By Karen Moltenbrey
It is known as the “uncanny valley,” a term describing that sense of unease in response to highly realistic humanoid robots and lifelike computer-generated human characters that imperfectly resemble a human being.
For quite some time now, those working in computer graphics have made strides toward crossing the uncanny valley. One of those initial big steps was the long-awaited Final Fantasy: The Spirits Within (July 2001), the first photoreal computer-animated feature film from Square Pictures. Using then cutting-edge technology, the project received mixed reviews, many appreciating the technical achievement, others calling the characters “creepy.” Either way, the film greatly exceeded its budget and contributed to the end of Square Pictures.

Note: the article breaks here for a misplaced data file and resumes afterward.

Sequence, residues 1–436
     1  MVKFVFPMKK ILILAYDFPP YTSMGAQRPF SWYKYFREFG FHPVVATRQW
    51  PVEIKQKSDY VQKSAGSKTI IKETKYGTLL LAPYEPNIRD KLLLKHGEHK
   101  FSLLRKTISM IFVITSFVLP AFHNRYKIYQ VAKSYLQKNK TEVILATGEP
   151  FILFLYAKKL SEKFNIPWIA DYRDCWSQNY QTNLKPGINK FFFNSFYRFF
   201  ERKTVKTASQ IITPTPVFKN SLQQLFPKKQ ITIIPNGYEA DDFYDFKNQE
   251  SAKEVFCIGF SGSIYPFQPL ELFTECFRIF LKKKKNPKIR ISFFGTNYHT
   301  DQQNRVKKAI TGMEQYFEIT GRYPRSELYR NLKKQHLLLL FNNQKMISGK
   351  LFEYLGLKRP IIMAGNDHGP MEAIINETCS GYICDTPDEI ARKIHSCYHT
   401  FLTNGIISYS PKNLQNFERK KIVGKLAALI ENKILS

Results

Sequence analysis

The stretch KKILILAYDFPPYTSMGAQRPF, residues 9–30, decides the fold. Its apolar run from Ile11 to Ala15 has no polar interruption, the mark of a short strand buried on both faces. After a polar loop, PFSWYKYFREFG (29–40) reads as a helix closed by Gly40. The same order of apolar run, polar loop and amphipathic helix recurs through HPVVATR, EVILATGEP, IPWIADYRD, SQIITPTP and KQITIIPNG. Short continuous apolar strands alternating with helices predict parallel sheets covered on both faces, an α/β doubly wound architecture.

There were other noteworthy examples that followed, before the next big milestone moment for digital humans on-screen: The Curious Case of Benjamin Button (December 2008), about a character who ages backward. In his young-appearing version, the character is played by actor Brad Pitt; in his older appearance, he is a CG human created by Digital Domain.